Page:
Numerous lawsuits have been filed against Intel relating to Spectre, Meltdown, and other variants of the security vulnerabilities that have been identified since 2018. As of October 26, 2022, consumer class action lawsuits against Intel were pending in the United States, Canada, Israel, and Argentina. The plaintiffs, who purport to represent various classes of purchasers of our products, generally claim to have been harmed by Intel's actions and/or omissions in connection with the security vulnerabilities and assert a variety of common law and statutory claims seeking monetary damages and equitable relief. In the United States, class action suits filed in various jurisdictions were consolidated for all pretrial proceedings in the United States District Court for the District of Oregon, which entered final judgment in favor of Intel in July 2022 based on plaintiffs' failure to plead a viable claim. Plaintiffs have appealed that decision to the Ninth Circuit Court of Appeals. In Canada, an initial status conference has not yet been scheduled in one case pending in the Superior Court of Justice of Ontario, and a stay of a second case pending in the Superior Court of Justice of Quebec is in effect until November 2022. In Israel, the plaintiff in a lawsuit pending in the District Court of Haifa advised the court in September 2022 that it intends to seek leave in October 2022 to withdraw its motion for class certification and voluntarily dismiss the action. In Argentina, Intel Argentina was served with, and responded to, a class action complaint in June 2022. Additional lawsuits and claims may be asserted seeking monetary damages or other related relief. We dispute the pending claims described above and intend to defend those lawsuits vigorously. Given the procedural posture and the nature of those cases, including that the pending proceedings are in the early stages, that alleged damages have not been specified, that uncertainty exists as to the likelihood of a class or classes being certified or the ultimate size of any class or classes if certified, and that there are significant factual and legal issues to be resolved, we are unable to make a reasonable estimate of the potential loss or range of losses, if any, that might arise from those matters.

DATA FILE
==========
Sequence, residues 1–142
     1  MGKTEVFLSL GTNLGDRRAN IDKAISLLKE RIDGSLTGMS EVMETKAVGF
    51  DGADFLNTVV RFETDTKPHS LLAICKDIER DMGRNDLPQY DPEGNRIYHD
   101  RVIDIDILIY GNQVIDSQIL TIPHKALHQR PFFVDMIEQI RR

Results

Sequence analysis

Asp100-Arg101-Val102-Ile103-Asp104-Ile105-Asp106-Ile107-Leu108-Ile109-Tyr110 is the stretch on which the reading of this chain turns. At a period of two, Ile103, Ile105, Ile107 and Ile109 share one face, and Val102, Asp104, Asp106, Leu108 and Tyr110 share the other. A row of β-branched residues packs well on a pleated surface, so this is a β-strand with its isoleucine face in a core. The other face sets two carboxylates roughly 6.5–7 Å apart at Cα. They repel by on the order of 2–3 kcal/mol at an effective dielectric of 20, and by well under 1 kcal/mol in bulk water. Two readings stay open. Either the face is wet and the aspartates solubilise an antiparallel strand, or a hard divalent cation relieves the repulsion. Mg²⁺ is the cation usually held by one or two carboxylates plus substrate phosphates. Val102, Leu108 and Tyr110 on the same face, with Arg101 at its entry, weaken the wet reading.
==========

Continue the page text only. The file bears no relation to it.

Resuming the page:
VLSI Technology LLC v. Intel